The View from No 50

 

 

 

 

July 2011

K P Bonney & Co

Chartered Accountants and

Chartered Tax Advisers

50 Cleasby Road  Menston

Ilkley  LS29 6JA

Tel:  01943 870933

Fax:  01943 870925

Email:  keith@kpbonney.co.uk

www.kpbonney.co.uk

 

 


 

THE ENTREPRENEUR’S TALE

 

For the owner of a business one of the most important tax reliefs around is ‘entrepreneur’s relief’.  The benefit of the relief is felt when you dispose of a business.  If you meet the relevant conditions you pay tax at only 10%. 

 

In the case of a limited company the main conditions are that the business is a trade (as opposed to an investment type activity) and that the ‘entrepreneur’ owns at least 5% of the voting share capital and is an officer or employee of the company for a period of twelve months before the disposal.

 

I recently met a bright young man (BYM) who ran his own limited company and who met all the conditions for entitlement to entrepreneurs’ relief.  He had never used the services of an accountant, figuring he could get by without the expense.

 

BYM was offered an attractive job by his company’s main client.  He accepted, after which his company ceased to trade.  As time went by he transferred the money in the company’s bank account to his own.  Using the HMRC website as his guide he read about entrepreneur’s relief and concluded he was eligible.  On his personal tax return he declared his post cessation drawings as a gain on his shares, eligible for entrepreneur’s relief.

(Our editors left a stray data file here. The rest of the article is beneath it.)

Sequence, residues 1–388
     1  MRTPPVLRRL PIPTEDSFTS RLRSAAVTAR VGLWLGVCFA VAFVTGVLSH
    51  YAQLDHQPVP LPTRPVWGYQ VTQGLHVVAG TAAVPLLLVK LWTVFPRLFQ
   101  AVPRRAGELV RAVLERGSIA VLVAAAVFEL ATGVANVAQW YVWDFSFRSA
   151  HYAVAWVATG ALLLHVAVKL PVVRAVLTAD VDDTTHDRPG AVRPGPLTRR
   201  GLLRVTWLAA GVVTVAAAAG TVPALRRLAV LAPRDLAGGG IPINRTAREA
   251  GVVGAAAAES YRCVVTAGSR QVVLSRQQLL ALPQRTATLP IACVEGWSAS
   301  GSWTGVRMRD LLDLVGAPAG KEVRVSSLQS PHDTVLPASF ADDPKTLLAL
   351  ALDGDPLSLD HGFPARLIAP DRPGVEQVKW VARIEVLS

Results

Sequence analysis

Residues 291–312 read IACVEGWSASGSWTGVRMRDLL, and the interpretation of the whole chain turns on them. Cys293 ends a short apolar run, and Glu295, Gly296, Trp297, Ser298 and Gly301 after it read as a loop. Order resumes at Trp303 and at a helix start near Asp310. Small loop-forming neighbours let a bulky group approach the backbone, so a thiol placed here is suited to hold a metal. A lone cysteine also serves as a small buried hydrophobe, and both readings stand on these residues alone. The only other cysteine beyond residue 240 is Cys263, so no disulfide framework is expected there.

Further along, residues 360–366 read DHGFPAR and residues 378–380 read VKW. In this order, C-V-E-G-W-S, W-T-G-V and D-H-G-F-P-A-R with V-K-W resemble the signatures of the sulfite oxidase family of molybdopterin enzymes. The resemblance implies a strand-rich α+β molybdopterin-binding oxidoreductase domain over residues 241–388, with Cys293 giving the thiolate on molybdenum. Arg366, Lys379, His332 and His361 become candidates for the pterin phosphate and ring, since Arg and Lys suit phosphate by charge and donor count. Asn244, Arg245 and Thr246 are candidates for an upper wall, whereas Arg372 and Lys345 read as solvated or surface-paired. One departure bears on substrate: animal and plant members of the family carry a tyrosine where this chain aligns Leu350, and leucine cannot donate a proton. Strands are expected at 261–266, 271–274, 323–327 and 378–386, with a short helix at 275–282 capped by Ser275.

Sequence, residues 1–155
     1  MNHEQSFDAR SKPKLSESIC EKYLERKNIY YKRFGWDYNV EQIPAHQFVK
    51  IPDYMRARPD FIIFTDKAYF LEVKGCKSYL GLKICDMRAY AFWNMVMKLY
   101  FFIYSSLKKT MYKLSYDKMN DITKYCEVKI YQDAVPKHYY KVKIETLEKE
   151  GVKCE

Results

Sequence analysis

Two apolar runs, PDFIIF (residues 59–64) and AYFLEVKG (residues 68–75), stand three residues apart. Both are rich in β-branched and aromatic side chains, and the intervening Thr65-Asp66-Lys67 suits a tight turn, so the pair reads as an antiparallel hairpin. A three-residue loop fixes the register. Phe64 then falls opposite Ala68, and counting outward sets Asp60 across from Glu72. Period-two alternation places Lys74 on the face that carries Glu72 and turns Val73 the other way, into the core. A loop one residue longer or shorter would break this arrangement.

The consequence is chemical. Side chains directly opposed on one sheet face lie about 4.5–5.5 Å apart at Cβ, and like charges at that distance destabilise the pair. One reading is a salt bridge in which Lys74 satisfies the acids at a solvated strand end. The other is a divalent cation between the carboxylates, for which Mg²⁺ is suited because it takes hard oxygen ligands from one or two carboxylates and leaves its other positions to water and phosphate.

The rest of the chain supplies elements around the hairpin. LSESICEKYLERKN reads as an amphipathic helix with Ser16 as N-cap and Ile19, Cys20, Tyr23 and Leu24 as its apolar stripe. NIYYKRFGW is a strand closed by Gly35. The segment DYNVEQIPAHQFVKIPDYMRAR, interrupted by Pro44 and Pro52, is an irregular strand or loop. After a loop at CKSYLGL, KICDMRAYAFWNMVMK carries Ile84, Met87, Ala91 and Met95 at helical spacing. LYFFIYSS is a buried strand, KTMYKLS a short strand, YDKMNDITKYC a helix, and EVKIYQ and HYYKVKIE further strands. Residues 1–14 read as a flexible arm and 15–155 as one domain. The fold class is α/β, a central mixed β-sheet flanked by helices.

Cases like this bring home to me just how easy it is for the non accountant to get things wrong. 

 

BYM’s company was a trading company.  BYM owned the necessary number of shares and was a director for the requisite period.  But he overlooked the most important thing of all.  He didn’t make a disposal of his shares.  Without a disposal there can be no capital gain and therefore no entrepreneur’s relief.  All the money he took out of the company is classified as dividend income.  Tax rate 25%.  Not 10%.   In BYM’s case the extra tax cost is £10,000.

 

If BYM had consulted me before making the withdrawals from the company bank account I could have secured his retirement relief.

 

If he had his time again would BYM scrimp on accountancy services?   Lesson learned. 

 

Our Advice:  If you don’t understand tax consult somebody who does.  Do it before the transaction, not afterwards.

 

 

IF SOMETHING SOUNDS TOO GOOD TO BE TRUE….

 

From time to time I receive calls from clients who have received emails which seem to be from H M Revenue & Customs in which they are asked to click on a link to claim a tax refund.  The gist of the telephone call is, “Is this email real or not?  It seems real but I am not sure why I should be due a tax refund.  Should I respond?”

 

The answer is NO!

 

H M Revenue & Customs never ever ever ever ever sends out emails offering tax refunds. Never. Under any circumstances. So if you get one it is a scam.  The perpetrators are trying to obtain your financial details. Clicking on the link could give them access to your computer.

 

Our Advice:  Just delete the email. It is always a scam.

 

If you feel sufficiently outraged forward the email to fraud.alert@met.police.uk or phishing@hmrc.gsi.gov.uk

 

 

OPTING OUT IS NOT THE ANSWER

 

On occasions clients ask me whether it is necessary to enter taxed bank or building society interest on tax returns.  I suppose their thinking is that as the interest has already been taxed there is no point declaring it.

 

The short answer is that such interest should always be declared.  There are good reasons for this.  Firstly, your marginal rate of tax might be different to the rate of tax deducted from the interest.  Accordingly, you may owe further tax or be owed a repayment.  Secondly, the banks make returns of interest payments to HMRC.  Accordingly, HMRC has a pretty good idea of how much interest you should be declaring.  If HMRC notices you are not declaring your interest income it is going to wonder what else you are not telling them.  Cue enquiry.